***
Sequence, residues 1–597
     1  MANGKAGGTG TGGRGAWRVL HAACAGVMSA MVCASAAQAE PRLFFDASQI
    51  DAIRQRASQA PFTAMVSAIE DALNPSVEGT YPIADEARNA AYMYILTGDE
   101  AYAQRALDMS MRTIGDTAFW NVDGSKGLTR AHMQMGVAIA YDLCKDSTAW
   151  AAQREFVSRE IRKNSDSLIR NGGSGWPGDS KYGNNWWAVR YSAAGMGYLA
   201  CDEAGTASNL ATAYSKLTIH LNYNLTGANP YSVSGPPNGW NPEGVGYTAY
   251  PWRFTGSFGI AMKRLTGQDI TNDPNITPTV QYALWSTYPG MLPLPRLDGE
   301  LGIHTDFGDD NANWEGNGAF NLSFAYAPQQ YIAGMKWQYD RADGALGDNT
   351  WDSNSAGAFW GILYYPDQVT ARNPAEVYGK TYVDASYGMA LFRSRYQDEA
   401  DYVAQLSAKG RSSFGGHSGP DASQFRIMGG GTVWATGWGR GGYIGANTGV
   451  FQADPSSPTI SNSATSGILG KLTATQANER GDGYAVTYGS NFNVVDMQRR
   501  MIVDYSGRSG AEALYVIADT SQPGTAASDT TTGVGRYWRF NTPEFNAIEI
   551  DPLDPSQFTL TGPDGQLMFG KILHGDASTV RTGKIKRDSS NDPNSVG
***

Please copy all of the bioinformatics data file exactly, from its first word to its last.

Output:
Sequence, residues 1–597
     1  MANGKAGGTG TGGRGAWRVL HAACAGVMSA MVCASAAQAE PRLFFDASQI
    51  DAIRQRASQA PFTAMVSAIE DALNPSVEGT YPIADEARNA AYMYILTGDE
   101  AYAQRALDMS MRTIGDTAFW NVDGSKGLTR AHMQMGVAIA YDLCKDSTAW
   151  AAQREFVSRE IRKNSDSLIR NGGSGWPGDS KYGNNWWAVR YSAAGMGYLA
   201  CDEAGTASNL ATAYSKLTIH LNYNLTGANP YSVSGPPNGW NPEGVGYTAY
   251  PWRFTGSFGI AMKRLTGQDI TNDPNITPTV QYALWSTYPG MLPLPRLDGE
   301  LGIHTDFGDD NANWEGNGAF NLSFAYAPQQ YIAGMKWQYD RADGALGDNT
   351  WDSNSAGAFW GILYYPDQVT ARNPAEVYGK TYVDASYGMA LFRSRYQDEA
   401  DYVAQLSAKG RSSFGGHSGP DASQFRIMGG GTVWATGWGR GGYIGANTGV
   451  FQADPSSPTI SNSATSGILG KLTATQANER GDGYAVTYGS NFNVVDMQRR
   501  MIVDYSGRSG AEALYVIADT SQPGTAASDT TTGVGRYWRF NTPEFNAIEI
   551  DPLDPSQFTL TGPDGQLMFG KILHGDASTV RTGKIKRDSS NDPNSVG